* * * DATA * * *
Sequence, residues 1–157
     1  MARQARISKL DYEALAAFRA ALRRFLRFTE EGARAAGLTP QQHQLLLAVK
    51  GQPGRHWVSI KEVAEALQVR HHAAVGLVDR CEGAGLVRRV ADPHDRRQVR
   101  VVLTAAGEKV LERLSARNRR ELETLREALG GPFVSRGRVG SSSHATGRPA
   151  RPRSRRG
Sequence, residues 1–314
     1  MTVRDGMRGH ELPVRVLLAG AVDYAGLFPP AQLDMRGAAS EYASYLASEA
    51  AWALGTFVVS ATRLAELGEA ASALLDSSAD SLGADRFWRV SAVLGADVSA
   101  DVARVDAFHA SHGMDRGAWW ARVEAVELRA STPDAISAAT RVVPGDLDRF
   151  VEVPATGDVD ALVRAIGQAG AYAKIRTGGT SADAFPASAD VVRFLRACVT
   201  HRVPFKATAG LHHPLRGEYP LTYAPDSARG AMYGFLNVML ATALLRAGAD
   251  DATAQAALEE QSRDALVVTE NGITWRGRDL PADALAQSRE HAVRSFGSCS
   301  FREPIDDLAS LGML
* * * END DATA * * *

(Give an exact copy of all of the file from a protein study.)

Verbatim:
Sequence, residues 1–157
     1  MARQARISKL DYEALAAFRA ALRRFLRFTE EGARAAGLTP QQHQLLLAVK
    51  GQPGRHWVSI KEVAEALQVR HHAAVGLVDR CEGAGLVRRV ADPHDRRQVR
   101  VVLTAAGEKV LERLSARNRR ELETLREALG GPFVSRGRVG SSSHATGRPA
   151  RPRSRRG
Sequence, residues 1–314
     1  MTVRDGMRGH ELPVRVLLAG AVDYAGLFPP AQLDMRGAAS EYASYLASEA
    51  AWALGTFVVS ATRLAELGEA ASALLDSSAD SLGADRFWRV SAVLGADVSA
   101  DVARVDAFHA SHGMDRGAWW ARVEAVELRA STPDAISAAT RVVPGDLDRF
   151  VEVPATGDVD ALVRAIGQAG AYAKIRTGGT SADAFPASAD VVRFLRACVT
   201  HRVPFKATAG LHHPLRGEYP LTYAPDSARG AMYGFLNVML ATALLRAGAD
   251  DATAQAALEE QSRDALVVTE NGITWRGRDL PADALAQSRE HAVRSFGSCS
   301  FREPIDDLAS LGML